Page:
Villagers living near the Neak Leung ferry in Prey Veng say authorities have ignored sand-dredging operations they claim are causing riverbank collapses.
Winton Enterprises, a Hong Kong-based company, dredges sand from a Koh Kong estuary for export to Singapore in this file photo.
THE homes, warehouses and farmland of 138 families in Prek Ksay Kor commune in Prey Veng province's Peamro district continue to be threatened by riverbank collapses resulting from sand-dredging operations in the Mekong River, say affected villagers.
Mel Oun, 54, a villager representative, said Wednesday that sand-dredging companies, including the Phal Sareth Import-Export and Tourism Co, had increased their activities along the Mekong close to the Neak Leung ferry crossing, worsening seasonal erosion along the river's banks.
"My banana and cassava farms and the farmland of other villagers has collapsed into the river because of the sand dredging, but no authorities have opened their eyes to the operations, which has caused riverbank collapses and has almost destroyed National Road 11 in this area," he said.
"They are dredging sand for export to Vietnam, which is destroying the homes and farmland of the people."
Uth Thay, 47 a villager in Prek Ksay Kor commune, told the Post that Phal Sareth Co was filling five or six barges per day with sand from the Mekong and was operating within 300 metres of the riverbank.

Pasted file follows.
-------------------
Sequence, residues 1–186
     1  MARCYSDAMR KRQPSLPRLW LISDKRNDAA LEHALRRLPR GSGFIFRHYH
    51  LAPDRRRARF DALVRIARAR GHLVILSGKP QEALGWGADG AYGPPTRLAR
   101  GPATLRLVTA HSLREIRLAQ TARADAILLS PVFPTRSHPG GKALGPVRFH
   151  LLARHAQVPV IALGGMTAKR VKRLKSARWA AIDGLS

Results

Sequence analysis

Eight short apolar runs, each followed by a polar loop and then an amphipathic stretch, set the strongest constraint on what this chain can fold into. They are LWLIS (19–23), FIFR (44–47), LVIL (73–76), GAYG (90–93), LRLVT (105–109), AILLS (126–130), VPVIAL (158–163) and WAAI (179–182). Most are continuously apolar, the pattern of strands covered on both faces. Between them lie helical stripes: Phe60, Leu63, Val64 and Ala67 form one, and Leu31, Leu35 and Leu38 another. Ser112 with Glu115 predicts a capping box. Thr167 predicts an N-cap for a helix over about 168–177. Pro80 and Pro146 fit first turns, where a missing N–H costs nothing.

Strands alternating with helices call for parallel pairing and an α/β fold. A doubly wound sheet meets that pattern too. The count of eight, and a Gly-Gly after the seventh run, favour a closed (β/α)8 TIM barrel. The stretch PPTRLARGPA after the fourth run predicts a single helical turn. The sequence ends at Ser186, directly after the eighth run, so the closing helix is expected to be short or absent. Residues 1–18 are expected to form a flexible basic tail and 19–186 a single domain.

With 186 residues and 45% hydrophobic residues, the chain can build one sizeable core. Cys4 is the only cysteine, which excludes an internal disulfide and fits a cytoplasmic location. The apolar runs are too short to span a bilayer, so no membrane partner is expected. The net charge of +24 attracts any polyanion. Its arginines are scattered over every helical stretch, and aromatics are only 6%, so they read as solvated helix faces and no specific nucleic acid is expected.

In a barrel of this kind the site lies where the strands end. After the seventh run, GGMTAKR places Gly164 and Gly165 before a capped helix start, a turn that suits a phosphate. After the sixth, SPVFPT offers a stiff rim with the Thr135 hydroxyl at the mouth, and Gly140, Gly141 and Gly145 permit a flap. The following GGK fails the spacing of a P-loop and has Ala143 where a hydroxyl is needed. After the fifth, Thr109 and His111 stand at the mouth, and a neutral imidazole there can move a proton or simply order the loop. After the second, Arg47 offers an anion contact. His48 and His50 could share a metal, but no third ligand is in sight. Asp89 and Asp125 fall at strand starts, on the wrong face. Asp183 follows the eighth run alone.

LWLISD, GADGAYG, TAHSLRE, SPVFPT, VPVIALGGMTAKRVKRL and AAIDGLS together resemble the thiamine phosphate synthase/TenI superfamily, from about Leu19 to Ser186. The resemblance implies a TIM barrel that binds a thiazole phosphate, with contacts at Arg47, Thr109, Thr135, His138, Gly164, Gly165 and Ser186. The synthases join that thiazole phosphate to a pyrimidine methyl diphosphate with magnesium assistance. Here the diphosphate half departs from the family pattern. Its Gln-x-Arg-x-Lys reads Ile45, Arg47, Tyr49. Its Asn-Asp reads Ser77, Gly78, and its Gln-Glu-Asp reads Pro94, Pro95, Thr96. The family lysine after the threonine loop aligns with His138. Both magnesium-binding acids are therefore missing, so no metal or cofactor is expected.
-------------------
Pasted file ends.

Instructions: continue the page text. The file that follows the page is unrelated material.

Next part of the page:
"My rice paddies and cassava warehouse collapsed into the river because Phal Sareth Co is dredging in this area," she said, adding that authorities were yet to find a solution.
Company and govt ‘conspiring'
In a March 17 speech, Prime Minister Hun Sen warned authorities in Kandal province to advise riverside residents to remove their homes in anticipation of riverbank collapses in the province that locals have blamed on dredging.
Seng Sovann, who owns a rice paddy and cassava warehouse on the riverbank, said sand-dredging operations in Prek Ksay Kor had increased since the prime minister's announcement.
"[The company] brought a little bit of milled rice to give to the people who lost their homes and farmland in the river," he said, but said the gift of 20kg of rice and 10,000 riels (US$2.44), handed out by the company in early March, did not compensate for the loss of land.
"The authorities and company have conspired with each other, and they don't care whether the people benefit," he added.
When contacted Wednesday, Peam Ro district Governor Sao Prasith said only that the case depended on the central government, not the lower authorities.
But Phal Sareth Deputy President Bunchan Kreusna told the Post the company had the proper government licences and it was operating according to the technical regulations laid down by the relevant ministries.
He added that the company had helped many local people. "[The company] has built a hospital, school, streets, [and provided] foods, petrol and fertiliser to villagers in this commune," he said.
"I believe that people are angry with my company because they listened to warehouse owners who incited the people."
Mao Hak, director of the Department of Hydrology and River Works at the Ministry of Water Resources and Meteorology, said the company had already been warned and that he would open new investigations.
"We will examine this case next week or next month. We will stop their activities temporarily if we find they have made mistakes," he said.